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California bans salmon fishing in coastal waters

Californians won't be eating fresh salmon from the state's coastal waters this year.

Fish and Game officials on Tuesday reluctantly voted to shelter a diminished population of Sacramento River chinook by barring all ocean salmon fishing in state waters, out three miles from shore.

The unprecedented closure will last through April 2009.

The move follows last week's ban on salmon fishing in the 200-mile swath of federal water off California and Oregon.

And on May 9, the state commission is likely to extend the closure to recreational salmon fishing in the Sacramento, American, and other Central Valley rivers. That's never happened before.

All this means consumers will see steep prices for fresh-caught salmon – perhaps more than $30 per pound – if they can find it.

They'll also face tough choices:

Seafood Watch, a program of the Monterey Bay Aquarium, urges consumers not to buy farmed salmon, mainly raised on the Atlantic Coast and in British Columbia. Farmed salmon may contain traces of antibiotics and pesticides. Farmed salmon also are reared in floating pens which can pollute ocean waters and spread disease to wild fish.

It's also nearly impossible to distinguish farmed salmon from wild.

"Be careful about your sources of salmon to know whether you're getting a truthful answer or not," said David Goldenberg, executive officer of the California Salmon Council.

Wild-caught salmon available in California this year should be from Alaska. There's also a limited amount of fishing allowed off the coast of Washington state. Anything else is probably farmed.

One exception, for now, is Corti Brothers market on Folsom Boulevard in Sacramento. The gourmet market anticipated a shortage and, two weeks ago, negotiated for 1,000 pounds of frozen wild-caught California salmon from suppliers, said Mike Carroll, the store's meat manager.

On Tuesday the store was selling frozen salmon steaks for $11.99 a pound; $2 a pound more for fillets.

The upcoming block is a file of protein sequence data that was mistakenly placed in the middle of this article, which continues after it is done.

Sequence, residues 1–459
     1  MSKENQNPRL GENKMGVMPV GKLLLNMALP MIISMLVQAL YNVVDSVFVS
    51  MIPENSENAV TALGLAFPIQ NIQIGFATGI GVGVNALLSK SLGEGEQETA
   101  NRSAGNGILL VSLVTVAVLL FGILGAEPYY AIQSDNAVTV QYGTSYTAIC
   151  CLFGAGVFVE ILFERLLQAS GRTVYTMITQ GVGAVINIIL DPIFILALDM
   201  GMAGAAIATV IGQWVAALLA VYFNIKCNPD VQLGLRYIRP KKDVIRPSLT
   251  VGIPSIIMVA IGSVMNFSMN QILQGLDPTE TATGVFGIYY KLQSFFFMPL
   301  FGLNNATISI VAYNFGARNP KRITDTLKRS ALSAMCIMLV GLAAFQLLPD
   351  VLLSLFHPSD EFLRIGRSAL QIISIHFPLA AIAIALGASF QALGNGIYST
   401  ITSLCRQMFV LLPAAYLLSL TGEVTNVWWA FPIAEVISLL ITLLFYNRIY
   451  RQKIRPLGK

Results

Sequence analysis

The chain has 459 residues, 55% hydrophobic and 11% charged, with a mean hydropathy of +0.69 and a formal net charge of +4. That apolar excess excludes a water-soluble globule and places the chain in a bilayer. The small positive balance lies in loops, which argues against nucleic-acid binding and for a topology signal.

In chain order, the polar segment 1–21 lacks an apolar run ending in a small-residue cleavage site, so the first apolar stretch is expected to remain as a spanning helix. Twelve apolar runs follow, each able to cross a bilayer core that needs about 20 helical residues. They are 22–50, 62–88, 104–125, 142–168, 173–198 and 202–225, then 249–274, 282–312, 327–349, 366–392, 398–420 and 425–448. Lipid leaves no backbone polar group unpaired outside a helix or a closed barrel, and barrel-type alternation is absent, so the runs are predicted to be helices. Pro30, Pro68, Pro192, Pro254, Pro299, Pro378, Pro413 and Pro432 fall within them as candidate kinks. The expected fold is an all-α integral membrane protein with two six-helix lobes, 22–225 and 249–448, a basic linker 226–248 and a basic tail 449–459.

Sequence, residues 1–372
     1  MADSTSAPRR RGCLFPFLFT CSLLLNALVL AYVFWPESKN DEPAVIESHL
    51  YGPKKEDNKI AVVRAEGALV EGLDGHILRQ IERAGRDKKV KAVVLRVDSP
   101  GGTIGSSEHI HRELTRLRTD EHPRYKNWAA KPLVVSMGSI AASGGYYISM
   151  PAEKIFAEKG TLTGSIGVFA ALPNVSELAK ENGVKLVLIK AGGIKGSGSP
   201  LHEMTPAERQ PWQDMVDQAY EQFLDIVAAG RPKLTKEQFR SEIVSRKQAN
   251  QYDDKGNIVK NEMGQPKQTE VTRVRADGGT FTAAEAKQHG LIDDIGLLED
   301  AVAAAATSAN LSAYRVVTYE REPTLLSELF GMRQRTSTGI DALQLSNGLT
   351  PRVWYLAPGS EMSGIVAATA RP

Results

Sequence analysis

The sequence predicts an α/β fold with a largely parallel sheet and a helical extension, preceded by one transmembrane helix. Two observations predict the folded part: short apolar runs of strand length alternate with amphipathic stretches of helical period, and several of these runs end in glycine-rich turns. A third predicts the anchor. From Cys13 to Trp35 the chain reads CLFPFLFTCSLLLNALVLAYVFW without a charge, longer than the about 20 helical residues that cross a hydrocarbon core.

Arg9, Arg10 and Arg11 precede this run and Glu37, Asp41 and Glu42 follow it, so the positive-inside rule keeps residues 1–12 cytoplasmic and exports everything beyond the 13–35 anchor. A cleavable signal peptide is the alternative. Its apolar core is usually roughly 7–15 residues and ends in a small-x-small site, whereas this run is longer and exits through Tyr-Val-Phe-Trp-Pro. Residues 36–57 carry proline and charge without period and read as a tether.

Pete Van Hoecke selected two tail fillets. He'll keep buying, he said, even if prices go up. He also backs the fishing ban.

"You have to manage the fishery or we're going to lose everything," said Van Hoecke, a retired bank regulator.

"Maybe prices are going up to $30 to $40 per pound, maybe not right away," Carroll said. "But the prices are going to go up."

At Scott's Seafood restaurant, on the Sacramento River, Executive Chef Bill John said wild salmon from one supplier has already more than tripled, to $26 per pound. He expects wild salmon will be a rare menu item.

Scott's also serves farm-raised salmon from Scotland, which John called a "superior" product because fish there are raised on organic feed and without artificial ingredients. He worries about fish from other sources.

"Hopefully my partner chefs out there are buying reputable product," he said. "We'll do as much wild-caught stuff as possible, because that's what the guest is looking for. But this year, with the closure, the price is probably going really, really high."

Biologists say closures are needed to protect the region's fall-run chinook, the backbone of the Pacific Coast's salmon fishery. These fish account for as much as 80 percent of salmon caught in California and Oregon.

"That's one of the most painful votes I think we've ever taken," said Richard Rogers, president of the California Fish and Game Commission, of Tuesday's historic vote.

This year the species' population is predicted to hit a historic low – just 58,200 are expected to spawn in the Sacramento, American, Feather and other rivers. That's down from 775,000 in 2002.

Some fishermen said the closures are a necessary evil.

"If we don't do something now, it could be drastic. We could lose the species," said Don Herrold of Rancho Cordova, who has caught salmon in the American River for 50 years.

Fishery experts believe poor ocean conditions in 2005, possibly caused by global warming, eliminated much of the food supply for young salmon entering the ocean that year. Those fish became the 2008 spawners.

Other factors have not been ruled out, including poor habitat and food supply in rivers and the Sacramento-San Joaquin Delta.

The state Department of Fish and Game estimates the salmon closure will cost the California economy $255 million and 2,263 jobs. Gov. Arnold Schwarzenegger and many of the state's federal representatives have urged President Bush to declare a disaster to speed up economic aid.

"I think this is the worst year in our lifetime for this to happen," said state Fish and Game Commissioner Jim Kellogg, noting the broader economic woes in effect.

Many in the industry admit they will need government help to survive. Among them are Randy and Charan Thornton, who own the 47-foot Telstar, a charter fishing boat based in Fort Bragg. Salmon make up 50 percent to 70 percent of their business.

"There's a good chance of it putting me out of business," said Randy Thornton, a fisherman for more than 20 years. "It's going to hurt a lot of people, no question about it."

Thornton already has decided not to hire employees he normally adds for salmon season. He also may be forced to give up his office space in Fort Bragg.

Ironically, Thornton paid off his boat in August and was looking forward to greater financial independence.

"I've kept good spirits through it all, but I tell you what: It's constantly testing my perseverance," he said.

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